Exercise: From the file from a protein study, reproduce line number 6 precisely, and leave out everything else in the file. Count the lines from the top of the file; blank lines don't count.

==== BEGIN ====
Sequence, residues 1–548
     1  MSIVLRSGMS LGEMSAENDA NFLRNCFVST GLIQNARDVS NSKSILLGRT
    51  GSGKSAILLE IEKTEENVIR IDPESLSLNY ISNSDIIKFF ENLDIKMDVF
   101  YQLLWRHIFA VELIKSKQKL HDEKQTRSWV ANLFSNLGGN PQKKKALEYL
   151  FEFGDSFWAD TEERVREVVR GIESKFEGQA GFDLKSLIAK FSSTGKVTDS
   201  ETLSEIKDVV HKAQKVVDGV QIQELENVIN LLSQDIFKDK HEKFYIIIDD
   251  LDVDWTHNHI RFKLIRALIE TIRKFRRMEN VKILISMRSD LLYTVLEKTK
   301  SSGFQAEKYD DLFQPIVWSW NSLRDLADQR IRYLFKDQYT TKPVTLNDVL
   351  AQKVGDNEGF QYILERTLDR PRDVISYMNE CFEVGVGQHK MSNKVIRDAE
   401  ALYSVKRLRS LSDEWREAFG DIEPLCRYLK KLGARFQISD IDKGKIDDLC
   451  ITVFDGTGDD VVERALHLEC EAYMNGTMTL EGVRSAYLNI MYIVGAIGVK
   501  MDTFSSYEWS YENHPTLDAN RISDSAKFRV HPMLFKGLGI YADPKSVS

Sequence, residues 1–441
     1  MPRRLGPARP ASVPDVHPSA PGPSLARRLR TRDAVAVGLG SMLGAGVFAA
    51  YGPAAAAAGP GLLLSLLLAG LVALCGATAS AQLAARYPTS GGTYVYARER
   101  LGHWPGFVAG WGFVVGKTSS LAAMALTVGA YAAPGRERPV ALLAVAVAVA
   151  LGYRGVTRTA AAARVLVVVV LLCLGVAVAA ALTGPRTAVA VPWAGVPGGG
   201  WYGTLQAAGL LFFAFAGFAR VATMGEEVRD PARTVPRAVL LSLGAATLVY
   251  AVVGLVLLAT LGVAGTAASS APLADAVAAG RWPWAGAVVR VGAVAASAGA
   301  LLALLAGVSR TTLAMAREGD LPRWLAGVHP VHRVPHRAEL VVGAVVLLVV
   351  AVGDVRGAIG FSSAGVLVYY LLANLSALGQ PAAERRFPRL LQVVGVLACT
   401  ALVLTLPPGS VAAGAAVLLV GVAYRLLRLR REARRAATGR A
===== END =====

   201  ETLSEIKDVV HKAQKVVDGV QIQELENVIN LLSQDIFKDK HEKFYIIIDD